In brief prepared remarks, LoGrande acknowledged the convergence of architecture, urban design, and outreach but otherwise did not lay out a broad vision for planning in the city. Instead, he emphasized, transparency, collaboration, predictability, and completion of the city's 35 community plans. He praised the department's staff and expressed optimism that the department's crushing budget cuts would not impair their ability to streamline case processing and reach out to stakeholders. 

"We want to show Los Angeles that we’re open for business," said LoGrande. "So whether you’re doing an addition to your house and need to come across the counter and talk to a planner or you have an issue with maybe a business that needs to be talked about...we’re here to work with you and the other city departments to make them happen."

Most notably, he will be expected to implement the city's "12 to 2" system, by which Planning will serve as a single point of contact, thus enabling developers to avoid trips to multiple city departments. This had been a goal of Goldberg, whose enthusiasm brought new public attention to the formerly low-key department. LoGrande made it clear that his first priorities would center on in-house reform.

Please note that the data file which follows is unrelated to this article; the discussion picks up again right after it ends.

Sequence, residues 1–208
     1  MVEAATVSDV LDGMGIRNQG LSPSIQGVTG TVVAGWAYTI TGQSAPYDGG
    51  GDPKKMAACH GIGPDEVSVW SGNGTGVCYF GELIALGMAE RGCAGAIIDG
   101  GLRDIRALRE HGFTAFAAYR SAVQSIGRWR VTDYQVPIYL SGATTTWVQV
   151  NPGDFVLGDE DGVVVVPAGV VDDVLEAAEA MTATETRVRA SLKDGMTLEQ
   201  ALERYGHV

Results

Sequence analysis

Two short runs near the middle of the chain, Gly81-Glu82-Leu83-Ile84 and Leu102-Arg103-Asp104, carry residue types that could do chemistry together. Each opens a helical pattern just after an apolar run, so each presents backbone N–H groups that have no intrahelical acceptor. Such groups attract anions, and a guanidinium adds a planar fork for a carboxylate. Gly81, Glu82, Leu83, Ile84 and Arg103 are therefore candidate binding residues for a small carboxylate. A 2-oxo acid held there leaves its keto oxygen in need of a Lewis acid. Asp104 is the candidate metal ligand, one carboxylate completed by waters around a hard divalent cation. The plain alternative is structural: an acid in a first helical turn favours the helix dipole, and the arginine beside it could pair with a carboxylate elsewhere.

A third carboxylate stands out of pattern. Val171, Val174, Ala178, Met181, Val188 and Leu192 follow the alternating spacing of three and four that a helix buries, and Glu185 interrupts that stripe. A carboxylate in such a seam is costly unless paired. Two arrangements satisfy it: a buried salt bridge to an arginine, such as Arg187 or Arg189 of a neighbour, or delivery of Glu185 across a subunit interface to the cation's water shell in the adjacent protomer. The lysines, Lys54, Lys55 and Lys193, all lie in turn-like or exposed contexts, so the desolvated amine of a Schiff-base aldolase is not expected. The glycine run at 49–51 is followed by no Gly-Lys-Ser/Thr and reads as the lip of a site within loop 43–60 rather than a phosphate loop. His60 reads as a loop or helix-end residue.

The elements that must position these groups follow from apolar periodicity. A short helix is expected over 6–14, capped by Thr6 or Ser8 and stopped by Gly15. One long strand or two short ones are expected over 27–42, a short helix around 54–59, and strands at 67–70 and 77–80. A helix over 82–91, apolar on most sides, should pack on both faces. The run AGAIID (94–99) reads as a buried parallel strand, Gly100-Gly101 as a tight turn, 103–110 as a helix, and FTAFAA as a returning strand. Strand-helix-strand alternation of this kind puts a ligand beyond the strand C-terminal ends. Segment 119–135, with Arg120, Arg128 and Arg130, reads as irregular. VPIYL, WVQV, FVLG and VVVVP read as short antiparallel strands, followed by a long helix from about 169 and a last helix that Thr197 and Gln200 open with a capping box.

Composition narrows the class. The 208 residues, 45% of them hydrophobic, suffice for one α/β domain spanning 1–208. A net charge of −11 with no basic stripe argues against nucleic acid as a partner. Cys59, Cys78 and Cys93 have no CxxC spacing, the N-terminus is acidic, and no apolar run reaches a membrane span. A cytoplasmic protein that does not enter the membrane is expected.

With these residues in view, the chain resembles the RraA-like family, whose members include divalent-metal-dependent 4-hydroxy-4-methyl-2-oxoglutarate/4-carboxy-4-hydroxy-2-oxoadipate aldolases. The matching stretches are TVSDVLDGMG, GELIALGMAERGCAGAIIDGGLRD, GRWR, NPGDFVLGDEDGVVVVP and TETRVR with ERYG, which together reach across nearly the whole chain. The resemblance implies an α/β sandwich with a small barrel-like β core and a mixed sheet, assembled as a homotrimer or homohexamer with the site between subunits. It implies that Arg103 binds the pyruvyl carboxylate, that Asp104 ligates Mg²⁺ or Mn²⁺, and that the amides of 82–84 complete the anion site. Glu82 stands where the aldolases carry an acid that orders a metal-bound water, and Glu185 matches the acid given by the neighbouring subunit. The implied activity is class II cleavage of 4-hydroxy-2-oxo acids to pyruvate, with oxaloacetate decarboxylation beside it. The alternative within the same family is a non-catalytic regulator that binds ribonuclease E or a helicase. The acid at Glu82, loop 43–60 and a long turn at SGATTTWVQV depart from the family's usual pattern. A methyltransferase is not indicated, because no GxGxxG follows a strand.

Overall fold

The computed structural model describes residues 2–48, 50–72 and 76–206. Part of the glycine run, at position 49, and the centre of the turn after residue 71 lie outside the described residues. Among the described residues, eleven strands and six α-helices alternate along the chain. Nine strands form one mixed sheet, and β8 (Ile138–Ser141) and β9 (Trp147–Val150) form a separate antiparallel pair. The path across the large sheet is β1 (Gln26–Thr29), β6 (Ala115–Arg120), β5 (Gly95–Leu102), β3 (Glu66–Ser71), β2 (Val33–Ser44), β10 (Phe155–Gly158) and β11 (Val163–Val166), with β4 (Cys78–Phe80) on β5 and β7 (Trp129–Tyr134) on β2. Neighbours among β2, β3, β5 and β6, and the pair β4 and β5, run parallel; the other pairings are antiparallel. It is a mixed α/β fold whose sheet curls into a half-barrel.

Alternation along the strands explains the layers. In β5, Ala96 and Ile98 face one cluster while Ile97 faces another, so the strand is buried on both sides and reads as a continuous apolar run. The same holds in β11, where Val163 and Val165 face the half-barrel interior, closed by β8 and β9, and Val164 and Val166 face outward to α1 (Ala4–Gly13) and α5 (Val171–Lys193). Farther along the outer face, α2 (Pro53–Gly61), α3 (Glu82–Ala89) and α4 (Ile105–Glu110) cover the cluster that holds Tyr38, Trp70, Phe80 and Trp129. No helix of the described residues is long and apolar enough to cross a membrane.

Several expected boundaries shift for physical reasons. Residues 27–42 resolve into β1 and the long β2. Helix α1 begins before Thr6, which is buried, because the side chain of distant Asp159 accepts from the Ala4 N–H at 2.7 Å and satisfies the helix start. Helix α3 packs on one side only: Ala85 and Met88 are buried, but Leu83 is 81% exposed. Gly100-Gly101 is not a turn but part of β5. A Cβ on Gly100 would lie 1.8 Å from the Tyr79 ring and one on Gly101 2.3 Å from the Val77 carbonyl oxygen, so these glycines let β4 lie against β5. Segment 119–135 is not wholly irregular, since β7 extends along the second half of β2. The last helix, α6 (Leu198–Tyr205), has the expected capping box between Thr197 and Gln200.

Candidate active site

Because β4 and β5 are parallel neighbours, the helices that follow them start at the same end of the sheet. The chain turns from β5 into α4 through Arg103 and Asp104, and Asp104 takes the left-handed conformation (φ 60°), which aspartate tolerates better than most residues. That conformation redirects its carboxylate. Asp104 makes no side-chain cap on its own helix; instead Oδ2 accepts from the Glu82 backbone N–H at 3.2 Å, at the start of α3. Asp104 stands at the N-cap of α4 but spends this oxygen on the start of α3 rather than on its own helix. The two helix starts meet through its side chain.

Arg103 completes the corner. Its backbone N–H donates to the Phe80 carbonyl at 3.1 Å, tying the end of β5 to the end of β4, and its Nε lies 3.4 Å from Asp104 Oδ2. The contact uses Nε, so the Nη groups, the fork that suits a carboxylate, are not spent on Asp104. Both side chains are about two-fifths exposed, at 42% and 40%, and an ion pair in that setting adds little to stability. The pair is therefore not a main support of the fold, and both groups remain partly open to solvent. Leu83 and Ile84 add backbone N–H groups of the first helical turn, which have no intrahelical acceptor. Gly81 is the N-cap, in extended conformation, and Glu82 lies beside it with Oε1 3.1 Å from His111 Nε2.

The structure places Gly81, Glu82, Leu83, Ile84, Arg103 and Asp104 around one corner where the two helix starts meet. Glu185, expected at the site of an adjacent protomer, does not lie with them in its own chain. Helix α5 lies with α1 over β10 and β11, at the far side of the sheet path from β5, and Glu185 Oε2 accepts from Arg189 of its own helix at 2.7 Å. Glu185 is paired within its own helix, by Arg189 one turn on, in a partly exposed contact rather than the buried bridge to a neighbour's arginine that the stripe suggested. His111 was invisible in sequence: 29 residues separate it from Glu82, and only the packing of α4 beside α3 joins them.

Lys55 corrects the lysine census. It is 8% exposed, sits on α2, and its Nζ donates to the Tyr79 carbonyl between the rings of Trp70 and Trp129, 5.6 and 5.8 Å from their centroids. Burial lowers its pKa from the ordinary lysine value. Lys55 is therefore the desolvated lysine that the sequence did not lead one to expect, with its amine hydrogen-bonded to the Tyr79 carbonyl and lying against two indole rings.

LoGrande briefly responded to criticism that his bureaucratic background did not prepare him well for the political tumult and that his desire to create more certainty for developers would equal hasty approvals. 

"People may think because of my past title as chief zoning administrator think that I’m somehow really tied into the entitlement process and the status quo, which is really far from the truth," said LoGrande. "I’m a consensus builder, I like to reach out to people."  

A rough transcript of LoGrande's prepared remarks: 

"I’m looking forward to collaborating with the city and various communities and stakeholders throughout los Angeles to make sure that we have a really vital planning department that looks at architecture, urban design, quality plans, and make sure that there’s a contract with the community and the development community to ensure that when developers come to neighborhods, they know what to expect. They’ve shaped them and actually worked with the departments and the city family to make sure that we have a credible process but also an engaged process where people are informed, can roll up their sleeves and work in collaboration with the department to make sure that we grow the city for the next century."

"I’m very excited for this position. One thing I’m really, really proud of is the staff we have in the planning department. We have some of the best staff in the nation. That staff is ready to engage with our neighbors and our diverse group of people we have in Los Angeles to move us forward. We have to have dialogs in various communities to see what they want to see in their neighborhoods and we have the tools inside to bring those forward."  

"We’ve got some very, very tough budget years. A lot of the staff is on furloughs. There’s been early retirement program. But we want to show Los Angeles that we’re open for business. So whether you’re doing an addition to your house and need to come across the counter and talk to a planner or you have an issue with maybe a business that needs to be talked about about some of the conditions they have to operate to coexist well within the community. We’re here to work with you and the other city departments to make them happen."

-- Josh Stephens